Studio 54 doc is a clear-eyed view of a notorious nightclub
Documentary on the rise and fall of the legendary New York disco. Directed by Matt Tyrnauer. Opens Friday at Ted Rogers Hot Docs Cinema. 98 minutes. STC
Studio 54 was famous for being infamous.
The New York City nightclub, the subject of Matt Tyrnauer’s revealing doc Studio 54, was notorious as much for the multitudes it kept outside its doors as for the privileged few who partied within during the 33 months of its 1970s disco heyday.
Showboating co-owner Steve Rubell ruthlessly worked the velvet rope, allowing entry only to people whom he deemed sufficiently famous or beautiful. Among those turned away were members of the band Chic, whose 1978 disco hit “Le Freak” chronicled their shunning.
Among the favoured was Margaret Trudeau, estranged wife of Canada’s prime minister Pierre Trudeau, who shocked Canadians after she was photographed dancing at the club on the night her husband lost the 1979 federal election. She’s briefly glimpsed in archival news reports in the film, including an Italian gossip sheet report of her fling with tennis ace Vitas Gerulaitis, one of many scandalous matchups of the era.
Being outrageous was, of course, the raison d’être of Studio 54. Rubell and his low-key partner Ian Schrager, childhood buddies from Brooklyn, created the West 54th Street dance mecca in a matter of weeks in the spring of 1977, making canny use of TV and theatrical sets left over from the building’s previous incarnation as an opera house and later TV studio — Captain Kangaroo used to broadcast from what was then called CBS Studio 52.
The place was designed to be sensational and it was from day one, attracting the likes of Andy Warhol, Mick and Bianca Jagger, Keith Richards, Elizabeth Taylor, Michael Jackson, Freddie Mercury and future U.S. President Donald Trump and his first wife Ivana. Celebrities were “comped” — but not all of them; members of the Rolling Stones who weren’t Mick or Keith had to pay to get in.
Studio 54 also attracted unwelcome attention from New York liquor officials and federal tax sleuths, who would later bring additional infamy to the place when Rubell and Schrager were charged (and later jailed) due to multiple tax and conspiracy offences that included skimming $2.5 million from the club’s cash registers. The disco’s reputation as a drug den — a veritable snowstorm of cocaine blew through it — didn’t help the owners’ case before the courts, despite the battery of high-profile lawyers they hired to defend them.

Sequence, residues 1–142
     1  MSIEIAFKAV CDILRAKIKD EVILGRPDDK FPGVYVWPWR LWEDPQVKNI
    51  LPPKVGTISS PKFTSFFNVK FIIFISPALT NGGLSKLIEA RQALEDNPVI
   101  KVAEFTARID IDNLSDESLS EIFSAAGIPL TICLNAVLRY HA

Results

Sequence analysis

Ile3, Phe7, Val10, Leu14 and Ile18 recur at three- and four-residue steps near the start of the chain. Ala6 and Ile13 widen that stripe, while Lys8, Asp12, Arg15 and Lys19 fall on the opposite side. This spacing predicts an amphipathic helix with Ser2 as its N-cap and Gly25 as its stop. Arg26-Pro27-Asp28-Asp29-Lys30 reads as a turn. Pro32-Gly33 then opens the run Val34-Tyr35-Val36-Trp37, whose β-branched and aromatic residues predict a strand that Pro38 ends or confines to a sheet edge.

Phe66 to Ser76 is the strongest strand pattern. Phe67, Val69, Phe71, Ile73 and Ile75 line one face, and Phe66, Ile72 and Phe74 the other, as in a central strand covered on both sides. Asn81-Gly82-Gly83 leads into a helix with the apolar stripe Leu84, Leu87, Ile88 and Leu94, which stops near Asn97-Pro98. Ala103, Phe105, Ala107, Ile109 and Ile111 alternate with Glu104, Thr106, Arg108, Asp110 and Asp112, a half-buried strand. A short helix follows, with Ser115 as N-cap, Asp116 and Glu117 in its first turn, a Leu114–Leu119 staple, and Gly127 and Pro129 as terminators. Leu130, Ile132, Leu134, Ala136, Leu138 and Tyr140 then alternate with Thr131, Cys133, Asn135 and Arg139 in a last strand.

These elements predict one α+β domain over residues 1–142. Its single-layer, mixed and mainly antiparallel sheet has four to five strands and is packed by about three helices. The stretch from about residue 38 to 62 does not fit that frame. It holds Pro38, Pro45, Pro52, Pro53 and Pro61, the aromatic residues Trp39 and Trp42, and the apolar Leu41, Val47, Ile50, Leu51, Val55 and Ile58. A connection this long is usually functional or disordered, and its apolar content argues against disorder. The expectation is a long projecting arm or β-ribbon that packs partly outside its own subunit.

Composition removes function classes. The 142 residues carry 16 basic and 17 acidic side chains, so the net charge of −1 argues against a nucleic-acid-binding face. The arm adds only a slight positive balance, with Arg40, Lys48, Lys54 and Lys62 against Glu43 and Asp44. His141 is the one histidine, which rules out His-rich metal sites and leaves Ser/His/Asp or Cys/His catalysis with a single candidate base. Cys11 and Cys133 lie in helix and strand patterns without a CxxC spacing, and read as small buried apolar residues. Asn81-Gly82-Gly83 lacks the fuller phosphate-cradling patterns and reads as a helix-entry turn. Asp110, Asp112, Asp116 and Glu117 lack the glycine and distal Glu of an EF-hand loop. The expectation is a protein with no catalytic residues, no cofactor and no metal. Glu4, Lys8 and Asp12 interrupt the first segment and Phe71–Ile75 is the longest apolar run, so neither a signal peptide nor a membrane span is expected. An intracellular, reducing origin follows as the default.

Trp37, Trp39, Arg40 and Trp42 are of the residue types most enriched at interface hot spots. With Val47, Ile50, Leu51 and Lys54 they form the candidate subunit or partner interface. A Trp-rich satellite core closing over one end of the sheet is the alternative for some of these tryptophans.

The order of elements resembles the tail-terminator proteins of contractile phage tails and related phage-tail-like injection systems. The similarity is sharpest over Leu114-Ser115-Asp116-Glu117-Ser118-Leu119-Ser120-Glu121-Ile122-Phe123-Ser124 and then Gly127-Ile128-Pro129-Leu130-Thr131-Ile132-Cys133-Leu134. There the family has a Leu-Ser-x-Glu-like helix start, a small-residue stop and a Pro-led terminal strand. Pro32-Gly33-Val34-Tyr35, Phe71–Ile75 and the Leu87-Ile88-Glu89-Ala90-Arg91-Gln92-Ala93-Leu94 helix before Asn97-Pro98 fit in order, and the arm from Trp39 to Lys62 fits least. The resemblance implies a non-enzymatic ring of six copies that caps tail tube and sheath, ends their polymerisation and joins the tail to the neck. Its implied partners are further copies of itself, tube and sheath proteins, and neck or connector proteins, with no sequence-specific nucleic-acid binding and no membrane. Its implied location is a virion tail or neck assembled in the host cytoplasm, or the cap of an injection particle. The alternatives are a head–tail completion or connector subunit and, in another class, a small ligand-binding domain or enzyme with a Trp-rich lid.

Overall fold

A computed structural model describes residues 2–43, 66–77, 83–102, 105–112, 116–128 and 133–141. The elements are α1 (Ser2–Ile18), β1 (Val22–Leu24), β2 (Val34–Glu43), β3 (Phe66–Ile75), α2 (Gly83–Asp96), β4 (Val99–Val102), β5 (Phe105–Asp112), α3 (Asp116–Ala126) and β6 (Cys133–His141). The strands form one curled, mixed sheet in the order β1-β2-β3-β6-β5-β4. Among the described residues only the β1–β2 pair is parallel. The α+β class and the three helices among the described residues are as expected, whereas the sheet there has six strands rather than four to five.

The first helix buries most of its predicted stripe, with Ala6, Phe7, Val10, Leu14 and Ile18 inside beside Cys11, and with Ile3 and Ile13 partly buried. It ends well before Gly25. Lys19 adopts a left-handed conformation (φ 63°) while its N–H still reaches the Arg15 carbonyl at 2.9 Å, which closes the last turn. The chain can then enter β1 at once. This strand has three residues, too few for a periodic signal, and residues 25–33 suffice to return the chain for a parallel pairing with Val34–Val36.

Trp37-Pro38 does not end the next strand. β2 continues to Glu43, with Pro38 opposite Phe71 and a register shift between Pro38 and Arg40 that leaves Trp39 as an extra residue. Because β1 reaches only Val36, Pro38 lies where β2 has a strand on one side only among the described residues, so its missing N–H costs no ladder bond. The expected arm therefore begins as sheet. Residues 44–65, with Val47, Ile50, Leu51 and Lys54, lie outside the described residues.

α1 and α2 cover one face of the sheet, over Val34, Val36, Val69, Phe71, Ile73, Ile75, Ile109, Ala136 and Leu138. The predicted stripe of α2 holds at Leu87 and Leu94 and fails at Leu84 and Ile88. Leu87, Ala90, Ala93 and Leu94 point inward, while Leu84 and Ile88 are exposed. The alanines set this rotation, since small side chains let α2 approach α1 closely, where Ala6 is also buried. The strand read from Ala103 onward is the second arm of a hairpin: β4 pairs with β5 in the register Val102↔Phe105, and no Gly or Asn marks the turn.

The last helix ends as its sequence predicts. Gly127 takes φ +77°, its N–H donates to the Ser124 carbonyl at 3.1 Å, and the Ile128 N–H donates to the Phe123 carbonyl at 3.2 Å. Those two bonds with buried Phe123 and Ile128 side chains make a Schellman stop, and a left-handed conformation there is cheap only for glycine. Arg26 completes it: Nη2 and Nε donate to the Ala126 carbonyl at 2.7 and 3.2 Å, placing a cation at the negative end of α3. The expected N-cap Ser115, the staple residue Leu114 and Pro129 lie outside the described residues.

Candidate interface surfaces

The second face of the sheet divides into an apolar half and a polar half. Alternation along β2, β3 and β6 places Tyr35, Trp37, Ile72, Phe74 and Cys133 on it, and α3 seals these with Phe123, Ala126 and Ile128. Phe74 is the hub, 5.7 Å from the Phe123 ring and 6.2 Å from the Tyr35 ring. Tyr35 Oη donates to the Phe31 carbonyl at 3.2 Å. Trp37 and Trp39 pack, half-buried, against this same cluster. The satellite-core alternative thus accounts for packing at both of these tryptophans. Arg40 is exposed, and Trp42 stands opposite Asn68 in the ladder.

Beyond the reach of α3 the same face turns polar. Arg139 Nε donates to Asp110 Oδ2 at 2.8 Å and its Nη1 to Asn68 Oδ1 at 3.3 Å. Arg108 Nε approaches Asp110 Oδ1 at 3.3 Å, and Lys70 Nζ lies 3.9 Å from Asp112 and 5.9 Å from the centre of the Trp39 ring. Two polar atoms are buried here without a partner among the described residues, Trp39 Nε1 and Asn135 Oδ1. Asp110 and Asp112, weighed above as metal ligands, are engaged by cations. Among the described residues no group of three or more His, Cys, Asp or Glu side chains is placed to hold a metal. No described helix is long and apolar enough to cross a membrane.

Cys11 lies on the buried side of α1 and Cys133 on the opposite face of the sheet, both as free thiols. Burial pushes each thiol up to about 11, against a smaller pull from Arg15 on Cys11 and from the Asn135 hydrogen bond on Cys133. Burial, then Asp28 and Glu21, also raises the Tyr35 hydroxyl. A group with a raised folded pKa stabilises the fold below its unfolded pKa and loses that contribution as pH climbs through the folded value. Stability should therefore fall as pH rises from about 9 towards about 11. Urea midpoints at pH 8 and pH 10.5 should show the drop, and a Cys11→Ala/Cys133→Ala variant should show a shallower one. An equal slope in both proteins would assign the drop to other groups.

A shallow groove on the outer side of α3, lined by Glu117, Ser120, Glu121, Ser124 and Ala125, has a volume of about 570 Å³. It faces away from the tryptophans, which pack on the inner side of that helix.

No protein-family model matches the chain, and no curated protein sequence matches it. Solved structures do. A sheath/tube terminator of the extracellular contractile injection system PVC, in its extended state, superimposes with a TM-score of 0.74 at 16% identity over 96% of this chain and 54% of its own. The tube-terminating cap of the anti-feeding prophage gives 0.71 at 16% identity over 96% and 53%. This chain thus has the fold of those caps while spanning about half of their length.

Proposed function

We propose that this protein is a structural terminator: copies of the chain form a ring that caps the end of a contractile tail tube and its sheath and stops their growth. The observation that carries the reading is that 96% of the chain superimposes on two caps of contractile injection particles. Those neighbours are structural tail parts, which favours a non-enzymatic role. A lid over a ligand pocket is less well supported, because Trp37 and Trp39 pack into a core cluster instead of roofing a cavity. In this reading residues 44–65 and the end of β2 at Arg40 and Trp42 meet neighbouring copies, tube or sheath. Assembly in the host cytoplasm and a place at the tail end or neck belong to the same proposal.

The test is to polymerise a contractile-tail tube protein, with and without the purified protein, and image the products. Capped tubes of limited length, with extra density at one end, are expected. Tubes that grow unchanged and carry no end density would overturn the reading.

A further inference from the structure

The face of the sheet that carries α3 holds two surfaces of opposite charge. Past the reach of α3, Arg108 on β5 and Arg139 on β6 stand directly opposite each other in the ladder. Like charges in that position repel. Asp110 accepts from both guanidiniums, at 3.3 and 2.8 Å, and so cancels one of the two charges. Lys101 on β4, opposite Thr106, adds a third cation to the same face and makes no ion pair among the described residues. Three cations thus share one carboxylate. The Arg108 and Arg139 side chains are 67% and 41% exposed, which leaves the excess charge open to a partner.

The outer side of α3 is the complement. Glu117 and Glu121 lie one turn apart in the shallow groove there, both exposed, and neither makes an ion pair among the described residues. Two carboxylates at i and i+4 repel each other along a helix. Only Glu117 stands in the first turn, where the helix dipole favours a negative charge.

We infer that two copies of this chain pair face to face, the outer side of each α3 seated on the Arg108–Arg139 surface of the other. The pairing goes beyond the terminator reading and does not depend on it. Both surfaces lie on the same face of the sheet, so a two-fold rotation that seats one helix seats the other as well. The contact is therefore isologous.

Tyrnauer documents it all with journalistic rigour, building his film around the bittersweet memories of the reclusive Schrager — Rubell, seen and heard in archival footage, died from AIDS in 1989 — and those of former Studio 54 employees, publicists and patrons.
The latter group included Michael Jackson, viewed pre-surgery and pre-superstardom as a shy young pop singer circa 1978, raving about how exciting it was to dance there: “It’s where you come when you want to escape,” he tells an interviewer, as a star-struck Rubell looks on.
The look of the film is oddly more punk than disco. What few scenes we see of wild Studio 54 parties were filmed mainly on grainy and blurry 16mm and even 8mm celluloid. This was a time before everybody was carrying a digital video camera in their pocket or purse.
Schrager makes the claim that Studio 54 marked “the beginning of the age of celebrity,” a boast that’s hard to prove. But there’s no doubt he and Rubell worked the gossip press as hard as Rubell worked the velvet rope, paying for newspaper mentions of their famous guests.
Despite its Darwinian door policy, Studio 54 was refreshingly free of discrimination as to race, sexual orientation and attire — or non-attire, for those who dared to bare. Musician/producer Nile Rodgers, the co-founder of Chic, recalls that when he eventually did gain access to the club, and he was impressed by the inclusivity and diversity he witnessed therein.
“It felt like the first time people were non-judgmental,” Rodgers says — although even making it into Studio 54 meant you’d already been judged worthy by mercurial doorkeeper Rubell.
Peter Howell is the Star’s movie critic based in Toronto. Follow him on Twitter: @peterhowellfilm